We track our net worth using Personal Capital



Comments

40 responses to “How to master your early retirement lifestyle: Part 1”

  1. So you’re telling me if I spend less, make more, and invest the difference instead of buying things or putting it under my mattress, that I can retire? It seems so easy! Oh wait… it is. 🙂 Great introductory to FI.

  2. You’re not really even “giving it up” if you don’t miss it. I’m actually much happier as I get older with having less things to maintain and worry out. Own you stuff, don’t let your stuff own you.

    Good write up as usual, I prefer to use as conservative numbers as possible.

  3. Mrs SSC says:

    Great summary! I am amazed at how much happier I feel (and I think Mr. SSC would agree) now that we have shed our more consumeristic lifestyle. I mean, we still spend a bit of money – but we have simplified, and it really helped us realize what is important in life, and what makes us happy. Deciding to work towards financial independence is one of the best decisions we have ever made!

    Sometimes I still have trouble thinking about shedding some comfy high paying jobs because the last 35 or so years I always thought the goal of life was “make more money!” But, after two years of working toward FI, I know myself and my personal goals even better than before!

    • Steve says:

      I’m right there with you Mrs. SSC – I’ve always thought of the high paying job as what I should be striving for. And in my ways I have achieved that goal for all intents and purposes, but I quickly learned that the money very often isn’t worth the stress and unhappiness. I guess it is another example of the pitfalls that are associated with the whole “Be careful what you wish for because you just might get it” phrase.

      It’s true!

  4. Tawcan says:

    Man the idea of reaching early retirement seems so simple that everyone should be able to achieve. It comes down to living below your means and invest. Time is something that we cannot buy with money, so being able to free yourself from a regular 9-5 job means you will have more time to pursuit in something else. That’s power right there.

    • Steve says:

      Hey Tawcan – it’s true, it really is simple. It does take time, which is the most “difficult” part for most people to accept. But hard? Nah, not really. 🙂

      Thanks for reading!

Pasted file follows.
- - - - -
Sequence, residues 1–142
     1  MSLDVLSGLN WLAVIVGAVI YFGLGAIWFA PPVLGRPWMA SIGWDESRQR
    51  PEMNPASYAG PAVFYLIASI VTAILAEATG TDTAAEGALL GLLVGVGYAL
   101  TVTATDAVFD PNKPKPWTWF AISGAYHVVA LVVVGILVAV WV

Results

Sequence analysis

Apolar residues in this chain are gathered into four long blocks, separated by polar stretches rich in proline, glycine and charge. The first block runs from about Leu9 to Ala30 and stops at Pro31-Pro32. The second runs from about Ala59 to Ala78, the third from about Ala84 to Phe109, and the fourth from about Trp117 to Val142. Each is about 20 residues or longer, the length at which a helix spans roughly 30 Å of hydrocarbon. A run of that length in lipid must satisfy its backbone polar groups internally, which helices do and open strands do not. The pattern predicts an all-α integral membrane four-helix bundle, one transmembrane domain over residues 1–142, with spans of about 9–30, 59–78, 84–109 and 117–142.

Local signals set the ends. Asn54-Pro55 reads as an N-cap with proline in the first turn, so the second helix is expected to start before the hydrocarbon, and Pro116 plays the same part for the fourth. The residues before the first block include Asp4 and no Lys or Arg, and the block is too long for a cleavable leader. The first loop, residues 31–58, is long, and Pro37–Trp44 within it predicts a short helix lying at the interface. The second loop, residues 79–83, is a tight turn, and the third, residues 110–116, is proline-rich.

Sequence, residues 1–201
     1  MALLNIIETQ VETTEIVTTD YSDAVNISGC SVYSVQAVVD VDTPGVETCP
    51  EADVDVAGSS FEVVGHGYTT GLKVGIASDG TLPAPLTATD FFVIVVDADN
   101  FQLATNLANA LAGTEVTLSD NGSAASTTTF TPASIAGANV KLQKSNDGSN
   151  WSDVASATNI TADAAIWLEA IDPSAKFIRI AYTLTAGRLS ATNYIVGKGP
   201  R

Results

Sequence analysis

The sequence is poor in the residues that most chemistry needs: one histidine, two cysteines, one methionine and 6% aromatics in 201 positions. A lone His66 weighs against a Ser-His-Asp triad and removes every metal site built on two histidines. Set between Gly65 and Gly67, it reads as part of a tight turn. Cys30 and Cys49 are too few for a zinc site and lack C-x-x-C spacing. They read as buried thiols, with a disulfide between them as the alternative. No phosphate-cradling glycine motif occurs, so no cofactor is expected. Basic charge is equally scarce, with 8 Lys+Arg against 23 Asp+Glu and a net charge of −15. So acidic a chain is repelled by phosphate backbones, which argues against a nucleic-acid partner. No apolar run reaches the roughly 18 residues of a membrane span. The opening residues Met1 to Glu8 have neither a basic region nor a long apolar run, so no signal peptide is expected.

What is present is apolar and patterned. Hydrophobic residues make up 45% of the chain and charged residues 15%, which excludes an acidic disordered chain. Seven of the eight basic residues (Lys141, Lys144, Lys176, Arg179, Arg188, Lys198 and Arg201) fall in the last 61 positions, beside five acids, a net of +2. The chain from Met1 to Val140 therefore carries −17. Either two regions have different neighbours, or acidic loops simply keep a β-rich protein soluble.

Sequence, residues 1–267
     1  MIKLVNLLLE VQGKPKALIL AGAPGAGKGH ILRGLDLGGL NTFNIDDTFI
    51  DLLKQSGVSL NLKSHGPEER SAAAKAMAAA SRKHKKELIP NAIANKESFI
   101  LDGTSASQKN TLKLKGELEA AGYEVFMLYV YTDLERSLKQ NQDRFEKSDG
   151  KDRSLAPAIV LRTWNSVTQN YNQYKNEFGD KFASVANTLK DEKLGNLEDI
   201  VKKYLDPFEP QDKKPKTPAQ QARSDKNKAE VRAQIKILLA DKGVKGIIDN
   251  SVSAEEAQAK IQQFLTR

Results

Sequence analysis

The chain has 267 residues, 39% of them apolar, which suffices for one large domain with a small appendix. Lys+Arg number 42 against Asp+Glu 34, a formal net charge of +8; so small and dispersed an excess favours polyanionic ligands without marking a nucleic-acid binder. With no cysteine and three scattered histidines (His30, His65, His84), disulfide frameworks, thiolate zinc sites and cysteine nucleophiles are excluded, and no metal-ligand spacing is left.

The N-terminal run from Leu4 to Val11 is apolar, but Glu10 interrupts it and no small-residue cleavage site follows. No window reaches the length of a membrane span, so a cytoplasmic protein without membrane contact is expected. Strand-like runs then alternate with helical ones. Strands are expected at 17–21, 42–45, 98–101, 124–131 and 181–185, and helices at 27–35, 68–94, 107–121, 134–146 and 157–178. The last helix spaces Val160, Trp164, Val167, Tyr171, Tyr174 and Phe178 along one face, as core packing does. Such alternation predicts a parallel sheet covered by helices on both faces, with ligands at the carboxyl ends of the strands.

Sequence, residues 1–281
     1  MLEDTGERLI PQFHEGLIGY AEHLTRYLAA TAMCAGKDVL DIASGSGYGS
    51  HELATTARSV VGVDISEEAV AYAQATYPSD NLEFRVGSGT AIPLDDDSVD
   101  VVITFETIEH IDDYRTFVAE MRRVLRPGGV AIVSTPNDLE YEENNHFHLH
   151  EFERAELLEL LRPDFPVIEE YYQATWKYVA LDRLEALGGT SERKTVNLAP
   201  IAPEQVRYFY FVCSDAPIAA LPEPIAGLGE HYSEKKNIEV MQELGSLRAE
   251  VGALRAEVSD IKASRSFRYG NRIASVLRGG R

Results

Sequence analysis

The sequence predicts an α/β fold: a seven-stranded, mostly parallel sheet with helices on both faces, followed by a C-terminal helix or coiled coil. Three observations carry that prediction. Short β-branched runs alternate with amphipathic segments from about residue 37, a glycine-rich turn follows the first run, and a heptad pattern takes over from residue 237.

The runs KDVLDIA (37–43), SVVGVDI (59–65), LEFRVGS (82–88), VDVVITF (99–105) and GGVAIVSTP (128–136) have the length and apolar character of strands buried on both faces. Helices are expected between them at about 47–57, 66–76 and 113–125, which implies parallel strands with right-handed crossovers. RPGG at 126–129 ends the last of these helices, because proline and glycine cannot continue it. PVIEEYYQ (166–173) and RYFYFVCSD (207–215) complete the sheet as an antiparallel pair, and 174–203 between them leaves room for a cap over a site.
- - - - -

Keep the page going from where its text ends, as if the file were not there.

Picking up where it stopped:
5. The things that are “easy to do” are also “easy not to do.” The sad truth is that most people choose the “easy not to do” road.

    Great post!

    • Steve says:

      It’s ironic, isn’t it? It seems so much easier to just keep doing what you’ve always done…but the problem is if you keep doing what you’ve always done, you’ll keep getting what you’ve always gotten! 🙂

  6. Gira says:

    Thank you for the FI 101! I am on board!
    Coincidentally, you made a comment about not missing the stuff you have given up, and I feel the same way about not only material things/shopping/eating in restaurants, but I also feel the same way about vegetarianism. People often ask me if I miss eating bacon (and then they proceed to tell me all the ways they enjoy bacon) but I do not miss it! And I enjoy all the wonderful healthy veggie foods that I eat and the health benefits that come with this lifestyle.

    • Steve says:

      Hi Gira – I went through a very similar vegetarian transformation. I’m not a hard-and-fast vegetarian, but I do choose the vegetarian option many times, and I can’t think of a single instance where I actually missed eating meat. I used to be a pretty big meat eater, too, but not any more.

      Thanks for reading!

  7. […] the first post in this series, we discussed the essential elements of mastering your finances.  We briefly discussed the […]

  8. John says:

    Have you read Dr Pfau’s research where he indicates that US was a special case and even developed countries like Holland would not support 4% over the same time period?

  9. Jason says:

    You are absolutely right with the formula, but a couple of other things I think are important. first, you need to clear all consumer debt at the very least. That way you can truly calculate your spending rate on “normal” lifestyle things. Second, I think that if you can, just to be safe, keep your housing costs really low or have a mortgage/place to live paid off. Both will allow you to reach FI quicker. Based upon my calculations I still have a bit for FI, but get closer everyday.

    • Steve says:

      Good call, Jason – it’s true that debt is very much a part of this whole process. Debts will significantly push out all financial independence and early retirement plans, no doubt about it. Gotta take care of that first and foremost.

      Thanks for the note!

  10. […] How to master your early retirement lifestyle (Think Save Retire) […]

  11. Roger H says:

    Assuming you stick with the plan, Firecalc gives
    a 50 chance that u go broke in less than 30 years.
    a 62 % chance that you go broke in less than 40 years.
    a 68 % chance that you go broke in less than 50 years.

    That is living on 48,000 pretax dollars and paying for the added post work expense of health insurance.

    Not odds I would feel comfortable with.

  12. This is a great series idea! Though I always think about the Trinity Test Site when people talk about the Trinity Study (it was about how atomic bombs affect retirement, right?!). 🙂 Speaking of which, our feared atomic bomb would be rising health care costs — that’s the big x factor for us, as we get older, since they are rising so astronomically quickly that even healthy people can end up paying obscene sums for routine tests. We’ll keep ourselves well insured, but no way of telling what the future holds on that front… so, another reason to pad the accounts a little!